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Elucidation of the role of the MICOS complex in signal transduction from mitocondrial DNA nucleoids

Hellman, Michael LU (2015) KBK820 20151
Pure and Applied Biochemistry
Abstract
The MICOS complex protein MicF has recently been identified to play a vital role in the mitochondrial DNA inheritance checkpoint, a control system that halts cell cycle progression in cells lacking mitochondrial DNA (mtDNA). We show in this report that another member of the complex, MicA, also plays an important role in the mtDNA inheritance checkpoint as its deletion led to cell cycle progression in cells lacking mtDNA (Rho0 cells). We observed that deletion of MicA, just like deletion of MicF, led to aggregated mtDNA in addition to the severe defects in the architecture of the inner mitochondrial membrane observed in all MICOS deletion strains. These findings lead us to believe that MicA and MicF might be involved in the signal... (More)
The MICOS complex protein MicF has recently been identified to play a vital role in the mitochondrial DNA inheritance checkpoint, a control system that halts cell cycle progression in cells lacking mitochondrial DNA (mtDNA). We show in this report that another member of the complex, MicA, also plays an important role in the mtDNA inheritance checkpoint as its deletion led to cell cycle progression in cells lacking mtDNA (Rho0 cells). We observed that deletion of MicA, just like deletion of MicF, led to aggregated mtDNA in addition to the severe defects in the architecture of the inner mitochondrial membrane observed in all MICOS deletion strains. These findings lead us to believe that MicA and MicF might be involved in the signal transduction from mtDNA across the mitochondrial membranes and that their deletion leads to loss of contact sites between the membranes and thereby renders transduction across the membranes impossible. (Less)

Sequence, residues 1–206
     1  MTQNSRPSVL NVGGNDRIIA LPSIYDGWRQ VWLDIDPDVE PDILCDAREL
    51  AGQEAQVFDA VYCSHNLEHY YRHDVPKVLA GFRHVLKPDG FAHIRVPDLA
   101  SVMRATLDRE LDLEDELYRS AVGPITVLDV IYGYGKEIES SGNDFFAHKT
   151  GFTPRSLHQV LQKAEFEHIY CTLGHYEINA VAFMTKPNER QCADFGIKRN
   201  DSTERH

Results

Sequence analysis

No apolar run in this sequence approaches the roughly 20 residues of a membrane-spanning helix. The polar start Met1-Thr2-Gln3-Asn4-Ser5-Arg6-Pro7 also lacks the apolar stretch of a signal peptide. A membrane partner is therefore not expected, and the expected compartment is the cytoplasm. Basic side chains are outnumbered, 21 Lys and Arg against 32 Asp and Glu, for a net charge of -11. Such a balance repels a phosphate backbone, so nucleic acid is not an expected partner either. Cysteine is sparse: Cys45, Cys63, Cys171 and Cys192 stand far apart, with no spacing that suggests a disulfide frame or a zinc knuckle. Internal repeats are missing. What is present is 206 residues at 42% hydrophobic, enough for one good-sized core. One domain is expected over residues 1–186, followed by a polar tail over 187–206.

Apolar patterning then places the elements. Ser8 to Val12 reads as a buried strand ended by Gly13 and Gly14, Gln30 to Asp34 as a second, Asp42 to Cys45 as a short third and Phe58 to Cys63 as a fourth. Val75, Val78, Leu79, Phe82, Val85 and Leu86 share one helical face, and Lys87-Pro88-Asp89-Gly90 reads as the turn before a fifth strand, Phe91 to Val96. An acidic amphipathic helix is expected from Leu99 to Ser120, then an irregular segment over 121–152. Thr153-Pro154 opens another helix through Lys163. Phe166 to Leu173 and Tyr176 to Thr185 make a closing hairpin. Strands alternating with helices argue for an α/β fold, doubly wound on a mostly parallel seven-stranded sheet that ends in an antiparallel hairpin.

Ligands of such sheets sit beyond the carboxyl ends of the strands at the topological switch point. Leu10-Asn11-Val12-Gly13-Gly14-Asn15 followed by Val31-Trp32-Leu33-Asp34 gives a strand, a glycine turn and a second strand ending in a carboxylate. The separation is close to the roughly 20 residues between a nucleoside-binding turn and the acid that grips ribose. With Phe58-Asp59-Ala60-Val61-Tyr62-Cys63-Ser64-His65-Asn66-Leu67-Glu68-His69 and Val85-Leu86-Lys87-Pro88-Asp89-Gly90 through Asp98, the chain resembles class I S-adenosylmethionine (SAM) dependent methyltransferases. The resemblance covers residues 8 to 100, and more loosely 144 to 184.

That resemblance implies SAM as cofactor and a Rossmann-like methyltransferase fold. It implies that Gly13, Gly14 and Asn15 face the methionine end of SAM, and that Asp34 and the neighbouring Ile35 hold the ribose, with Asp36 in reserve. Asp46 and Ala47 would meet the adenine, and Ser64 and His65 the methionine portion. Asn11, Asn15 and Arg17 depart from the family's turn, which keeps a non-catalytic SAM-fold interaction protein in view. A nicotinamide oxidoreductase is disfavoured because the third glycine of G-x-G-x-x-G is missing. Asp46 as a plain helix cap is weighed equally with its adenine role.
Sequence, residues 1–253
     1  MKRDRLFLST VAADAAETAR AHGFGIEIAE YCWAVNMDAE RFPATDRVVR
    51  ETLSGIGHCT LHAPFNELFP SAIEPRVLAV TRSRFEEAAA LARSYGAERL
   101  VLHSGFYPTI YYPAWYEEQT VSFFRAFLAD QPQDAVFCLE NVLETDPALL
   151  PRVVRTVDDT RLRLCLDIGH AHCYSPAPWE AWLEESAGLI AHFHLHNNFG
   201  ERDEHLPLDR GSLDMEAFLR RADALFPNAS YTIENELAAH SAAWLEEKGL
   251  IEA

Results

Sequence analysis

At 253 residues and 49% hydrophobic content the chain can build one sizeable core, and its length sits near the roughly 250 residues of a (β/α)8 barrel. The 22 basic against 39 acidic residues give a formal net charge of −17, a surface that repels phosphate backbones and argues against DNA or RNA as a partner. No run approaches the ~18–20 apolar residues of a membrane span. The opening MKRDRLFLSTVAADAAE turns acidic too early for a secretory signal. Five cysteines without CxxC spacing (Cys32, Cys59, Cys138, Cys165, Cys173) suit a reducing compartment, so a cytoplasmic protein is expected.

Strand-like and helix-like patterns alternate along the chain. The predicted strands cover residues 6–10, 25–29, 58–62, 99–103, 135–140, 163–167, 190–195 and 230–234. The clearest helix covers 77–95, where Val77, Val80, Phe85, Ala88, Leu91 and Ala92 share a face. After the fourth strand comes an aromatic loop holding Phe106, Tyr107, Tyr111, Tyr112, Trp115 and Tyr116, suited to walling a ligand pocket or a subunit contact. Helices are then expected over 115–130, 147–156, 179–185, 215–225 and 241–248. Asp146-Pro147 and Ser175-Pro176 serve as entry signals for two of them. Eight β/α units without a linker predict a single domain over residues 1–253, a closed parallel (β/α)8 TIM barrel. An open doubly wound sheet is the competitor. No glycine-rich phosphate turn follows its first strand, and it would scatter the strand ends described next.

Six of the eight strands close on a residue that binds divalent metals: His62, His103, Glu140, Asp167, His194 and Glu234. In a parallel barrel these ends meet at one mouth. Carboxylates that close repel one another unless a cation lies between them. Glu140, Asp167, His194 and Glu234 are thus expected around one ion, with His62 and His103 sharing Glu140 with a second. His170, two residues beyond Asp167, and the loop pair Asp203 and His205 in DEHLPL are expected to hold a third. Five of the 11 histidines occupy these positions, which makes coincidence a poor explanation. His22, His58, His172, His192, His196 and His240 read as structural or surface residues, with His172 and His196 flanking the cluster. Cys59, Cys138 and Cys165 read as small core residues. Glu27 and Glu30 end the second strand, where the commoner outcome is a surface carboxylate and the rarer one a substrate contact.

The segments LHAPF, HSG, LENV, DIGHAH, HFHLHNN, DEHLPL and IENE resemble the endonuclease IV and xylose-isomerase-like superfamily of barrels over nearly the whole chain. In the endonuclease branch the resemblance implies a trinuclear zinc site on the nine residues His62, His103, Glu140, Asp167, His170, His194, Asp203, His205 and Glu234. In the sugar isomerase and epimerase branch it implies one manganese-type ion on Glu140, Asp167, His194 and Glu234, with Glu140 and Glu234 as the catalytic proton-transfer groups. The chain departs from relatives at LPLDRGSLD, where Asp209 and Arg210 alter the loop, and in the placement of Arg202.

Popular Abstract
Defect in a mitochondrial protein opens up the door for a multitude of severe diseases

Severe diseases such as Alzheimer’s Disease, Diabetes type II and Cancer have all been linked to one common source – unhealthy mitochondria. Mitochondria stay healthy (or self destruct if they can not) and thereby avoid these diseases with the help of its own quality control mechanism. Defects in a recently discovered protein complex called the MICOS complex have now been shown to override this mechanism, thereby opening up for these terrible diseases.

Alzheimer’s disease is a sad and incurable disease, from which according to estimations by the World Health Organization (WHO) around 35.6 million people were suffering from in 2012. Unfortunately,... (More)
Defect in a mitochondrial protein opens up the door for a multitude of severe diseases

Severe diseases such as Alzheimer’s Disease, Diabetes type II and Cancer have all been linked to one common source – unhealthy mitochondria. Mitochondria stay healthy (or self destruct if they can not) and thereby avoid these diseases with the help of its own quality control mechanism. Defects in a recently discovered protein complex called the MICOS complex have now been shown to override this mechanism, thereby opening up for these terrible diseases.

Alzheimer’s disease is a sad and incurable disease, from which according to estimations by the World Health Organization (WHO) around 35.6 million people were suffering from in 2012. Unfortunately, it is estimated that these numbers will be more than tripled (115.4 million) by 2050. At the same time, the amount of people suffering from metabolic diseases such as diabetes type II is continually growing. According to WHO, an estimation of 9% above 18 years of age are suffering from diabetes, out of which 90% of the cases are diabetes type II. The fact that these numbers are huge, and even worse that they are rapidly increasing, speaks for how great the urge for getting to the root of the problem is. Finding this root to the diseases by mapping out what goes wrong in the mitochondria is probably the best way to start the search for a solution to the problem.